HPSTR Jekyll theme

They say three times the charm, so here is another free Jekyll blog theme for you. I’ve learned a ton since open sourcing my first two themes on Github, and wanted to try a few new things this time around. If you’ve used my previous themes most of this should be familiar territory…


  • Responsive layouts. Looks good on mobile, tablets, and desktop devices.
  • Full compatibility with GitHub Pages.
  • Modern and minimal design with a focus on clean typography.
  • Support for large images to call out your favorite posts.
  • Optional Disqus comments.
  • Support for Open Graph and Twitter Cards.
  • Simple custom 404 page to get you started.
  • Support for Pygments and Coderay syntax highlighting to make your code examples look snazzy.
  • Grunt and Rake tasks for easier site development.
HPSTR Jekyll theme screenshot

Setup guide Live preview

What’s different with this Jekyll theme?

This time around I wanted to see how much of the “branding”1 I could remove and deemphasize to make the content sing in contrast. The primary way I went about doing this was by down playing anything that wasn’t part of a post or page’s content. Collapsing the blog’s navigation behind a drop down was one way I slimmed the header, to get at the content quicker.

On desktops and tablets (horizontal orientation) the menu is placed in the top left corner with position: fixed2 to remain in view as the page is scrolled. Mild CSS3 animations and transforms were utilized to progressively enhance the drop down menu for browsers that support these properties, and gracefully degrades on those that do not. The menu is also completely usable when JavaScript is disabled.

Everything that isn’t #main I view as support content— living one step down from a post or page in the overall hierarchy. In the case of author bylines, post dates, and social sharing links, I used a light gray color to push these elements back, and pull the main content forward. Related posts and comments are sectioned off just enough from the main to keep them connected but visually separated.

Grunt build script for development

Up until this point I’ve mostly used tools like CodeKit and Prepros to compile my LESS stylesheets and concatenate scripts. Flirting with Grunt on a few personal projects, I wanted to integrate it into this theme as a build tool for messing with the theme’s stylesheets.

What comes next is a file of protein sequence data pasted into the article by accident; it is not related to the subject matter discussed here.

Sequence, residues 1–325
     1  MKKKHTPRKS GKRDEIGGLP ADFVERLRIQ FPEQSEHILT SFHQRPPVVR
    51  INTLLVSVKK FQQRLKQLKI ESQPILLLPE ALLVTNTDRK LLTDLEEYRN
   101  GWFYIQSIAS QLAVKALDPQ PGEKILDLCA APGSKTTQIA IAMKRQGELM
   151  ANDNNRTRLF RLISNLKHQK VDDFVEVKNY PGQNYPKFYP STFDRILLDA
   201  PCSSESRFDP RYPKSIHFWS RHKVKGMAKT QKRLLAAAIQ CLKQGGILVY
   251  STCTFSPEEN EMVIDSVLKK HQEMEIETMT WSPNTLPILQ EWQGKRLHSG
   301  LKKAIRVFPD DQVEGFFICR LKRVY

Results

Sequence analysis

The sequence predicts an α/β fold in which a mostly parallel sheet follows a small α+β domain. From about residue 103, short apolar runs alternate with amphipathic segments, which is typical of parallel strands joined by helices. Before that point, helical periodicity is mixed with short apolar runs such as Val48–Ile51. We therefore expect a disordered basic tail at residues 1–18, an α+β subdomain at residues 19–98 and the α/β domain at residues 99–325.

For those who are unfamiliar with Grunt I encourage you to check out the getting started guide. Basically how this works is, you install Node.js, install Grunt and dependencies by running npm install, and then run various Grunt tasks defined in the project’s Gruntfile.js file.

Currently there are two Grunt tasks: one to build and optimize and the other to watch for changes to any LESS and JavaScript files. For now you need to run grunt to rebuild the CSS, concatenate JavaScript files, and optimize .jpg, .png, and .svg files in the images/ folder. And then run jekyll build to pull these changes in when developing locally.

There are some Jekyll Grunt plugins to help make things work more seamless, but I avoided them to keep the theme compatible with GitHub Pages. While not a perfect solution you can run grunt watch in combination with jekyll build --watch to watch for LESS and JS file updates to be processed by Grunt and auto-generated by Jekyll.

Instead of using bulky JavaScript widgets provided by Facebook, Twitter, and Google I went with lightweight share links. Social sharing links are enabled by default on all posts and pages. To disable add share: false to the post’s YAML Front Matter.

social share button screenshot


Need help setting up the theme or getting it configured? Search the issues on GitHub. Having trouble installing or using Jekyll, the Jekyll Talk forum is a good place to ask for help.


This theme is free and open source software, distributed under the MIT License. So feel free to modify it however you’d like without linking back to me or including a disclaimer.

  1. To me a blog’s masthead, logo, title, headline, and navigation are branding elements that can reinforce or distract from a central theme or feeling. I suppose downplaying or removing these elements could be see as a way of branding too… but that’s a discussion for another day. ↩︎

  2. On mobile I choose to remove the fixed positioning to keep the menu from interfering with the main content. ↩︎